On Monday night, the Boston Celtics defeated the Washington Wizards in Game 7. Isaiah Thomas was fantastic for Boston, as was Al Horford.  Bradley Beal was magnificent for Washington, and John Wall continued scorching the earth beneath his feet on every transition drive. These four are the de facto stars for their respective franchises, and they played like stars on Monday. They are also not the people that are dominating the news right now. That is because Kelly Olynyk stole the show. He scored 26 points off the bench, more than five times what the Wizards’ entire bench produced (5). Kelly Olynyk, he of the impossibly-oafish hand-eye co-ordination, was the hottest man in the NBA for about a day and a half.

Before explaining what I mean by “hottest,” I will explain what I DON’T mean:

In this case, “hottest” does not mean most attractive. In fact, in any case, where Kelly Olynyk is described as hot, I guarantee it does not mean attractive because Kelly Olynyk is straight up fugly. He has a face, a goatee, and a man-bun only a mother could love. “Hottest” also does not mean being of the highest temperature. Most men in the NBA have body temperatures around 98.6 degrees. Kelly Olynyk is one of those. You know who doesn’t have a body temperature of 98.6 degrees? Wizards’ GM Ernie Grunfeld, because he’s sitting on a seat made of literal fire. He traded the ‘Zards’ first-rounder for Bojan Bogdanovic at the trade deadline, and Bojan repaid him with a +/- of -19 in just 16 minutes in the biggest game of the season. Yikes.

Sometimes people use the word “hot” to indicate that a particular car is stolen, implying that a car that is like, super, super stolen would be the hottest car. That’s not what I mean here. Kelly Olynyk is not a car, and he’s certainly not a stolen car, because if Kelly Olynyk was a car, he’d be a 1996 Chevy Sportvan, and that is a car that has never been stolen, by anyone, ever.

No, in this case, I am using the word “hottest” to mean “rapidly increasing in value and popularity,” like a stock, or an app or the New York nightclubs Bill Hader’s Stefon raves about. Nobody gave a shit about Kelly Olynyk prior to this game. He was an afterthought, a gumpy bench player whose hair gained more attention than his game. On Tuesday, though Olynyk is a media darling who probably just made himself an extra $20 million dollars. This is the last year on Olynyk’s rookie contract, meaning he will become an unrestricted free-agent this summer. Following Monday’s 26-point explosion on national television, it felt likely that someone would wildly overpay him this summer. Some GM would have seen that game, and immediately started imagining Olynyk replicating that production for their team next season.

Those GM’s were given a reality check on Wednesday night when Olynyk returned to his usual embarrassing form. He was no longer hot. He was the opposite of that. He was cold.

He was abused by LeBron James when he attempted to guard him, bullied by Tristan Thompson when he tried to rebound and laughed at by everyone on Cleveland’s bench when he tried to do anything remotely threatening on offense. He sucked. All the glory of his Monday performance was immediately washed away by the mediocrity of his Wednesday game. The inconsistency of his production is what makes Olynyk a fascinating case study in the value of a modern NBA big man. On the one hand, he’s a 7-footer who can shoot 3’s, a precious commodity in today’s league, but on the other hand, he can’t defend anyone, hardly rebounds, and vanishes for entire games at a time. Someone will pay him this summer, but the question is how much?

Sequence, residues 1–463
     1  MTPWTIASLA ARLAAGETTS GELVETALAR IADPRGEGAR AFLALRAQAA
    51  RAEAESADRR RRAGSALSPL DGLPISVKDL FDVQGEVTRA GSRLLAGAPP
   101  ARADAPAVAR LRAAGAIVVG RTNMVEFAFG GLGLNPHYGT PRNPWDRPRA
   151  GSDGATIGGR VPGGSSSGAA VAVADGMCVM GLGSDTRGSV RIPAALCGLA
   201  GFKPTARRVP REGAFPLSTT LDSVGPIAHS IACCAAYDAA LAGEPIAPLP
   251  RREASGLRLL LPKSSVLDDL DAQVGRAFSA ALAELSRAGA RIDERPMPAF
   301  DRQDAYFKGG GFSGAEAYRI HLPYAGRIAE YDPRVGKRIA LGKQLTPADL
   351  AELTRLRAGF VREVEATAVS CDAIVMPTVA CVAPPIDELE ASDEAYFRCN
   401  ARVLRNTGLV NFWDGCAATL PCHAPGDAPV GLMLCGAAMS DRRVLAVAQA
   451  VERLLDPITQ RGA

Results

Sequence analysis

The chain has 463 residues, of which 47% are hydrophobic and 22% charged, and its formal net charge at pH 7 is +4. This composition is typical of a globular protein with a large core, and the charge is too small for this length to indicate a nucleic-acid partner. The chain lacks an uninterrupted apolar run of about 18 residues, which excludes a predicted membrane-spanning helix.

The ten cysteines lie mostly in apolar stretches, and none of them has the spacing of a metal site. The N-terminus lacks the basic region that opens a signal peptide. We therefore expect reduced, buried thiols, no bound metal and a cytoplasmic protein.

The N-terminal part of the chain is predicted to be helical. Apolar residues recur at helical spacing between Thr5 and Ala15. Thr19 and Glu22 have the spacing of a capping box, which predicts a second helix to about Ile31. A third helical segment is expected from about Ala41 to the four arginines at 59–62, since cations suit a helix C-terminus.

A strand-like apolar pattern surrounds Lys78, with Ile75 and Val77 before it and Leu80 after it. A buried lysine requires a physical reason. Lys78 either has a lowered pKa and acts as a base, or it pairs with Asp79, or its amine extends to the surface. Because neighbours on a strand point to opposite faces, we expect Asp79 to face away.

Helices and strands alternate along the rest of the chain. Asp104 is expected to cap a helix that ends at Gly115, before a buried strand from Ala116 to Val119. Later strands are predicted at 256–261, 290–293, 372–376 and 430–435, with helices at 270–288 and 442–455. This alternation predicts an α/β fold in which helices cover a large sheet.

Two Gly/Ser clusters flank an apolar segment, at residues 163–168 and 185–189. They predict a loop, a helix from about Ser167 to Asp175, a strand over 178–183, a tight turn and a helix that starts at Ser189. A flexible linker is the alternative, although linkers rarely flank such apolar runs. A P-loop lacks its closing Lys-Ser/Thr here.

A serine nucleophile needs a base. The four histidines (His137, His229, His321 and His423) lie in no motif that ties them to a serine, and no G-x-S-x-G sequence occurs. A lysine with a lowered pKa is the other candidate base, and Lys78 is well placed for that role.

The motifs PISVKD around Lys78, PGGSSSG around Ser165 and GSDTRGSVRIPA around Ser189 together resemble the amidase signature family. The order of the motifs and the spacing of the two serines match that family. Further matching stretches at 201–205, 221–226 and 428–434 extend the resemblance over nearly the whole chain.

Fellow members of his draft class recently signed extensions, most notably Giannis Antetokounmpo, who inked a four-year deal with the Milwaukee Bucks worth $100 million. That deal pays Giannis an average of $25 million per year. Kelly Olynyk is not getting Giannis money. Following his Game 7 explosion, Kelly was probably looking at something similar to Ian Mahinmi’s contract with an average yearly salary of $16 million per year. He completely outplayed Mahinmi during Monday’s game, and throughout the series in general. Mahinmi is not a good basketball player. Then again, nor is Olynyk. Olynyk has been a backup for his entire professional career so far, and that’s not particularly impressive considering the man starting ahead of him, Amir Johnson, has not seen his ankles in half a dozen years.

Last year, $16 million a year for Olynyk would have been regarded as market price, though probably a slight overpay. The market for serviceable 7-footers who can walk and chew gum at the same time was wildly inflated last offseason, as guys like Mahinmi and Timofey Mozgov were given contracts far more generous than their production warranted. That market has cooled off, but as the league transitions to a style that puts more value in big men who can shoot from the outside, Olynyk remains an intriguing asset.

$16 million a year for him this summer would likely be ridiculed, and it is unlikely the Celtics will want to pony up the cash necessary to retain Olynyk, especially if they are able to sign Gordon Hayward. Boston GM Danny Ainge has done a good job of maintaining cap space in recent years and it would be a break from his usual modus operandi to give starter’s money to a career backup. Look for Olynyk to sign something in the area of 3 years/$45 million. Whichever team offers that deal will be hoping he develops into a starter, but it remains unclear whether he’s capable of that. In any case, here’s hoping he shows up for the rest of the Eastern Conference Finals. 

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